Oberlin College is often renowned for being the first co-ed institution of higher education in the United States and the first to admit students “irrespective of color,” starting in 1835. But history, as usual, is more complicated than just that recitation of facts would suggest.

Education historian Cally L. Waite documents the complicated reality in her article “The Segregation of Black Students at Oberlin College after Reconstruction,” and in her book Permission to Remain Among Us: Education for Blacks in Oberlin, Ohio, 1880-1914. Waite writes that two Congregationalist ministers from New England founded Oberlin in 1833 to educate men and women to save what they described as “the dying world.” Inspired by the religious revivalism of what is now called the Second Great Awakening, which reached its peak in the 1830s, Oberlin was characterized by evangelism, abolitionism, and abstemiousness (no meat, alcohol, tea, or coffee). According to Waite, the “colony [was] considered quite strange” by the people in nearby towns.

The commitment to abolitionism led to dropping the color line in 1835. Waite notes that this wasn’t without debate, but that eventually the integrationists won. Notably, during a time when it was illegal to educate African Americans in the South, and even free states like Ohio restricted public education, the community of Oberlin also integrated its public schools in defiance of state “Black Laws.”

Antebellum Oberlin was a major center of black education, even though black students made up less than 5% of the student body before the Civil War. Nonetheless, the 136 males and 141 females who attended from 1835-1863 (some as part of the non-degree granting preparatory department, a then-standard component of colleges) were influential beyond their small numbers. Most went into education, and many went south to teach during and after the Civil War.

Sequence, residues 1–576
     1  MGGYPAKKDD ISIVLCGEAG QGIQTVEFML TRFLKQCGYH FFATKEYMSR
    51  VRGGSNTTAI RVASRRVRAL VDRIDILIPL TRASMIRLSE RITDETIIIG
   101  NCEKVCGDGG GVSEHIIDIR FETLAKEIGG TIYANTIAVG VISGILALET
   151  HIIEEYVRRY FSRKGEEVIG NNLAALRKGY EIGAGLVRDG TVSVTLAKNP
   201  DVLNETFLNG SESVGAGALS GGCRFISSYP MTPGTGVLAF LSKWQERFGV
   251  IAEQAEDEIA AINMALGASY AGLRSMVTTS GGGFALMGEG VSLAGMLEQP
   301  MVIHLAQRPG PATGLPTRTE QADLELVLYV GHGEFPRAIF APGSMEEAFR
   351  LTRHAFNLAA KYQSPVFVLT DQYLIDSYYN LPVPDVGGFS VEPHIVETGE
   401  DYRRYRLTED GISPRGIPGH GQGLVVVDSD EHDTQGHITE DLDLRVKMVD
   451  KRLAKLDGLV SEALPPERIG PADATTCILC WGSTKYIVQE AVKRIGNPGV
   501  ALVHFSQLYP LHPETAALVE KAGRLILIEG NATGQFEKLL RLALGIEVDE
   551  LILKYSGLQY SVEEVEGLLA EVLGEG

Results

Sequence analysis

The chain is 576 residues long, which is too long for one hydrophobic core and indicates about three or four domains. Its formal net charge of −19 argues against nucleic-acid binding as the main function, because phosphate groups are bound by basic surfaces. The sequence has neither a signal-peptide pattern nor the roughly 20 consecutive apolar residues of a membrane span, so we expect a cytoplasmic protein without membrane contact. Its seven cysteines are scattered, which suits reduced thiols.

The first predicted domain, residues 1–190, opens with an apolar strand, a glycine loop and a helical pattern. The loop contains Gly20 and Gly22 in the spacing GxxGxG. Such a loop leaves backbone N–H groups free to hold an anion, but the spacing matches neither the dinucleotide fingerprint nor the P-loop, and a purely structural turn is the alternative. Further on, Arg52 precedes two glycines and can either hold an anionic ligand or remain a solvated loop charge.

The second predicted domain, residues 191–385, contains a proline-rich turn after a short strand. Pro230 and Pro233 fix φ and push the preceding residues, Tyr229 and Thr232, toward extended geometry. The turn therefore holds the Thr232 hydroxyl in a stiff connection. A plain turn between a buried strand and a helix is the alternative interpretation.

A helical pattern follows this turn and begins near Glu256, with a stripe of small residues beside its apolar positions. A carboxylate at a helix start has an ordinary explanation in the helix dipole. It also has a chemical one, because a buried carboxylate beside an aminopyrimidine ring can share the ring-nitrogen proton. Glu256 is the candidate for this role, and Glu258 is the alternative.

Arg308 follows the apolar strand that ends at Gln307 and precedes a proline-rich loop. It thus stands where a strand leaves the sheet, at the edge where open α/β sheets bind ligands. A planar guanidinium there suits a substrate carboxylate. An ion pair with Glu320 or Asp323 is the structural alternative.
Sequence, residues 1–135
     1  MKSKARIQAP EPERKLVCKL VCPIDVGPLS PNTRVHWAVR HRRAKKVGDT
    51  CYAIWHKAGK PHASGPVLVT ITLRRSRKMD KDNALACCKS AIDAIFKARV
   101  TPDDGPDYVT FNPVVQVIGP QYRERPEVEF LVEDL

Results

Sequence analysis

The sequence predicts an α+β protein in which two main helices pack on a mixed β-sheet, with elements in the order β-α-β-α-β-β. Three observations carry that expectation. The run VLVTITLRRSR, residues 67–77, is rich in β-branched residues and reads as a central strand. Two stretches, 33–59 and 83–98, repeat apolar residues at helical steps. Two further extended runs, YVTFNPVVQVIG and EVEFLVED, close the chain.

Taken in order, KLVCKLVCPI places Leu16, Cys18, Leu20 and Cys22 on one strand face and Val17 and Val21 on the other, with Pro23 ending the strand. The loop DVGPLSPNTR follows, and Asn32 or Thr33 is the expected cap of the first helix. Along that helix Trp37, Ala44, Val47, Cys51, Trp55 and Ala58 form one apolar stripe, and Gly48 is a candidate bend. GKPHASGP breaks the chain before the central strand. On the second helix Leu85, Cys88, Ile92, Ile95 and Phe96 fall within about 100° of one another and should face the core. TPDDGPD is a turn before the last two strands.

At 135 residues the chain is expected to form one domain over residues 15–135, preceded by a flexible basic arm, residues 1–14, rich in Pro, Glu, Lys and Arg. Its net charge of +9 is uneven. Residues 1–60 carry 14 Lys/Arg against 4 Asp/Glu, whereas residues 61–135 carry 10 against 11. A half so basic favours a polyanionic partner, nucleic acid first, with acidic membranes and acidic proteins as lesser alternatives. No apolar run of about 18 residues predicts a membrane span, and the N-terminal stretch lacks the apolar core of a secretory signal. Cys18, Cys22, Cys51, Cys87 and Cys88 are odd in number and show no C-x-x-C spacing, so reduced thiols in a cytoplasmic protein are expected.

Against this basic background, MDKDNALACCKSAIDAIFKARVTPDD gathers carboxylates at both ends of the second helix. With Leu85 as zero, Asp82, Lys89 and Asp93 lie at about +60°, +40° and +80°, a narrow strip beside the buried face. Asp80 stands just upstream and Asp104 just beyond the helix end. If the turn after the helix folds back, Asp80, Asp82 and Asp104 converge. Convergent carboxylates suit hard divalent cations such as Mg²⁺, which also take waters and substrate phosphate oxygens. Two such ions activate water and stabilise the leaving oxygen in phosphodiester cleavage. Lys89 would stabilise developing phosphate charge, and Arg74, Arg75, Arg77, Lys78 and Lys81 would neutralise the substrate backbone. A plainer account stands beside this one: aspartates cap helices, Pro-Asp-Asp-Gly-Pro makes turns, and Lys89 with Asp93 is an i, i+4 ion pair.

Postbellum, the story changes, as it does for the nation at large. As Waite details, discrimination and segregation spread within the former stronghold of abolitionism, paralleling national sentiment and law. A major factor was the shift in attitudes of a new generation of northern whites raised in the ideology of white supremacy. The last twenty years of the nineteenth century were “the nadir of race relations for blacks,” with the terrorism of lynching and race riots, and the codification of Jim Crow segregation. This culminated in the Supreme Court’s 1896 Plessy v. Ferguson decision legitimizing discrimination by allowing for “separate but equal” facilities, which in practice were never equal.

Waite points to additional factors. The growing independence of black communities around the nation, with more and more black colleges and black churches, filled the void created by the separationism of white supremacy. Institutionally, the latter part of the nineteenth century also saw the rise of the university: small colleges had to change to compete. Oberlin abandoned the religious utopianism of its founding, and, in secularizing, left its religiously-inspired commitment to black students by the wayside.

Reflecting national trends after the abandonment of Reconstruction, Oberlin began to segregate, losing its leadership role as an example of half a century of integration. In 1882, after half a century of integrated dining at Oberlin, white students refused to eat with their black classmates. A separate table was instituted for black students. Like the original decision to admit black students, this was not without controversy. The decision was reversed, but segregation prevailed in off-campus housing.

Waite writes that one could argue “Oberlin was a product of the times.” But she believes “such arguments remain incomplete” since the school had its “own widespread sphere of influence.” Wielding such power, she considers the college’s metamorphosis from Underground Railroad bastion to segregated school a transformation of national importance.



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History of Education Quarterly, Vol. 41, No. 3 (Autumn, 2001), pp. 344-364
Cambridge University Press